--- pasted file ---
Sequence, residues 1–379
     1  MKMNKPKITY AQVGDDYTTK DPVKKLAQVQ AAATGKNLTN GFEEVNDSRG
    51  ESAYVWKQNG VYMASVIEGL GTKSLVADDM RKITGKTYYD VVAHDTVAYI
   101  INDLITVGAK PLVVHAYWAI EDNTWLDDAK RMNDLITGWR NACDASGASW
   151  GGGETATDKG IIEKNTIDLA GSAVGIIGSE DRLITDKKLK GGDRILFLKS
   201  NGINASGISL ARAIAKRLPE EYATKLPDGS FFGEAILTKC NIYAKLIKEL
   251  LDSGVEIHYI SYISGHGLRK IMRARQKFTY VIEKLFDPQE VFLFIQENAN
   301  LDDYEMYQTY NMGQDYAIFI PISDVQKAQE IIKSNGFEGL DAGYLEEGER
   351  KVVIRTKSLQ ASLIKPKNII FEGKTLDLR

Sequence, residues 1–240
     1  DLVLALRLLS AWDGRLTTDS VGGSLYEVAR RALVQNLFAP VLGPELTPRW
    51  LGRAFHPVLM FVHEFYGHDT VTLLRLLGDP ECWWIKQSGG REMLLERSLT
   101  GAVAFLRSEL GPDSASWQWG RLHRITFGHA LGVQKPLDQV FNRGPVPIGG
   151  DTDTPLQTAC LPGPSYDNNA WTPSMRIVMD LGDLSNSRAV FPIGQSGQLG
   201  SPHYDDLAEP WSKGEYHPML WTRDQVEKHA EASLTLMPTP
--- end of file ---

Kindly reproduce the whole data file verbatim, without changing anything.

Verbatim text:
Sequence, residues 1–379
     1  MKMNKPKITY AQVGDDYTTK DPVKKLAQVQ AAATGKNLTN GFEEVNDSRG
    51  ESAYVWKQNG VYMASVIEGL GTKSLVADDM RKITGKTYYD VVAHDTVAYI
   101  INDLITVGAK PLVVHAYWAI EDNTWLDDAK RMNDLITGWR NACDASGASW
   151  GGGETATDKG IIEKNTIDLA GSAVGIIGSE DRLITDKKLK GGDRILFLKS
   201  NGINASGISL ARAIAKRLPE EYATKLPDGS FFGEAILTKC NIYAKLIKEL
   251  LDSGVEIHYI SYISGHGLRK IMRARQKFTY VIEKLFDPQE VFLFIQENAN
   301  LDDYEMYQTY NMGQDYAIFI PISDVQKAQE IIKSNGFEGL DAGYLEEGER
   351  KVVIRTKSLQ ASLIKPKNII FEGKTLDLR

Sequence, residues 1–240
     1  DLVLALRLLS AWDGRLTTDS VGGSLYEVAR RALVQNLFAP VLGPELTPRW
    51  LGRAFHPVLM FVHEFYGHDT VTLLRLLGDP ECWWIKQSGG REMLLERSLT
   101  GAVAFLRSEL GPDSASWQWG RLHRITFGHA LGVQKPLDQV FNRGPVPIGG
   151  DTDTPLQTAC LPGPSYDNNA WTPSMRIVMD LGDLSNSRAV FPIGQSGQLG
   201  SPHYDDLAEP WSKGEYHPML WTRDQVEKHA EASLTLMPTP